Linux is an operating system that can run on almost any hardware. Thanks to its lower hardware resource requirement (depends on the distro, but on average, still lower), you can run it on even the most potato computer you can find in your attic.
In this guide, let me demonstrate to you just that. Of course, it’s not something crazy, but really fun.
Check out how to install an entire Ubuntu system on a USB flash drive.
Ubuntu on USB flash drive
Any Linux distro requires relatively low disk space to have a bare minimum installation. In this guide, that’s what we’re going to take advantage of.
Generally, a USB flash drive comes with relatively low storage capacity than an SSD or HDD. For Ubuntu, the basic installation requires at least 10-15GB of free space. In that sense, you need a minimum of a USB flash drive with 16GB storage capacity. For the most flexibility, however, it’s recommended to use a 32GB USB flash drive or higher.
Note that while it’s a fun and interesting way of carrying your own operating system in your back pocket, it’s not a good solution for long-term use. USB flash drives have a limited bandwidth to exchange data with the rest of the hardware. Moreover, the longer USB flash drives are in use, the faster they deteriorate. The overall durability of such a setup is less than installing Ubuntu in an SSD/HDD.
One way to circumvent the issue could be using an external HDD/SSD. While it’ll still face the bandwidth bottleneck because of USB connection, for less heavy workloads, it can be doable for a long time.
Installing Ubuntu on USB flash drive
With all the caution out of the way, let’s jump right into it. Installing Ubuntu on a USB flash drive is quite simple. All you have to do is while performing the installation, select the USB flash drive as the target.
Preparing bootable media
First, grab the latest version of Ubuntu ISO. I’ll be using Ubuntu 20.04.1 LTS.
Now, we have to create a bootable Ubuntu installation media. Learn how to make a bootable USB flash drive. Note that this USB drive will be a different one than the one on which we’re about to install Ubuntu.
Connect the bootable USB flash drive and boot into it.
Select “Try Ubuntu” This will start the Ubuntu live session.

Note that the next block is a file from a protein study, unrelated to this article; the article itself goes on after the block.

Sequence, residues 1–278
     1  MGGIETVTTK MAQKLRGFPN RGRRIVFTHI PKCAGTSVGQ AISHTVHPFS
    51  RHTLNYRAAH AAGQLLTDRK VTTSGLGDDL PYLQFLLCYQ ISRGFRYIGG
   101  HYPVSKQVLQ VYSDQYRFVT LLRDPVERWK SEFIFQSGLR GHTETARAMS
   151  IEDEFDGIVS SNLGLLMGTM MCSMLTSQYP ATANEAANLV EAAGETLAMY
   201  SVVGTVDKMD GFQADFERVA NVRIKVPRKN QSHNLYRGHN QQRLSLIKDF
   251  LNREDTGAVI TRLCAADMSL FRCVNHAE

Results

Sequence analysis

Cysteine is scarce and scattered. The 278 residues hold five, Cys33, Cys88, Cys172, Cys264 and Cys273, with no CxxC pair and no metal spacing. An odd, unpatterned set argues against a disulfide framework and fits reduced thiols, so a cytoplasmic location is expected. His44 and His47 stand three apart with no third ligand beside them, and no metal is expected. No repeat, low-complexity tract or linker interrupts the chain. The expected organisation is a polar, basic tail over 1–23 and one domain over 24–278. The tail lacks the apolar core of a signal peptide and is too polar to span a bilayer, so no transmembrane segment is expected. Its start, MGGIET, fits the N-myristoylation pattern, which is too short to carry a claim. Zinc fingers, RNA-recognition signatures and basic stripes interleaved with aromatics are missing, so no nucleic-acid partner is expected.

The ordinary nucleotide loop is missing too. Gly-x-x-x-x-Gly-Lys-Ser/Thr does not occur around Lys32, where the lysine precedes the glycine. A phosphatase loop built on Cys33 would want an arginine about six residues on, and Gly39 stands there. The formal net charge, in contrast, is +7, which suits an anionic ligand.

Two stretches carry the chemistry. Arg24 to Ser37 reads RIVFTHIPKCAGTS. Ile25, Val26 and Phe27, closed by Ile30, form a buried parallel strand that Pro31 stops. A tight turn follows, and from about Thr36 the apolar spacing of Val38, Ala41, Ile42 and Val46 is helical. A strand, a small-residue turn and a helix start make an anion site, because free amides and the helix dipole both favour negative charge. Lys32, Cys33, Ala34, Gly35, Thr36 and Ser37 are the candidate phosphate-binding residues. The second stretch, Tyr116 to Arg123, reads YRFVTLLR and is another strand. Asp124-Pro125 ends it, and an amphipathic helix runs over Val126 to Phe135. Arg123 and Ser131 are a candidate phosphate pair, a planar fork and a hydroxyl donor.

Now, connect the USB flash drive on which we’re going to install Ubuntu.
The system is recognizing the USB drive successfully. Double-click the installation shortcut on the desktop to start the Ubuntu installation process.
Click “Continue” to start the installation process.
Select the appropriate keyboard layout.
There’s a choice to make at this stage. The “Normal installation” will install Ubuntu with all the default software like web browsers, office apps, media players, and others. In the case of “Minimal installation”, it’ll only contain web browsers and some basic tools. Depending on the storage capacity of the USB flash drive, you may want to choose “Minimal installation”.
The installer may ask to unmount the USB flash drive. Click “No” because we’re about to perform the installation on the drive.
Here comes the most important part. We have to decide where to install the operating system. Select “Something else”, this will give us full control over partitioning.
The installer will open up the partitioning tool. Here, the USB drive is identified as /dev/sdb. It’s recommended to delete all the partitions under the USB flash drive.
Create a new partition with ext4 filesystem. As for the mount point, select “/”.
Click “Install Now”.
The installer will show a warning whether you’d like to proceed with the changes. Click “Continue” to confirm.
Select the time zone.
Enter the credentials. This will be the default administrator account of the system.
Wait for the installation to complete. Because we’re installing on a USB flash drive, it’ll take more time than installing on an HDD/SSD.
Once the installation is complete, the following message will pop up. You can decide to restart the computer or turn it off.
Voila! Ubuntu is successfully installed on the USB flash drive! To use the system, all you have to do is connect the USB flash drive to a computer, and during boot, select it as the boot media.
Installing Ubuntu on a USB flash drive isn’t difficult. It’s a fun thing to try out. If you need to use the USB drive for something else, you can simply erase the partitions and format it using GParted. Learn how to use GParted.
The installation process has gone successful. We can polish the installation further to upgrade it. Check out 40 things to do after installing Ubuntu.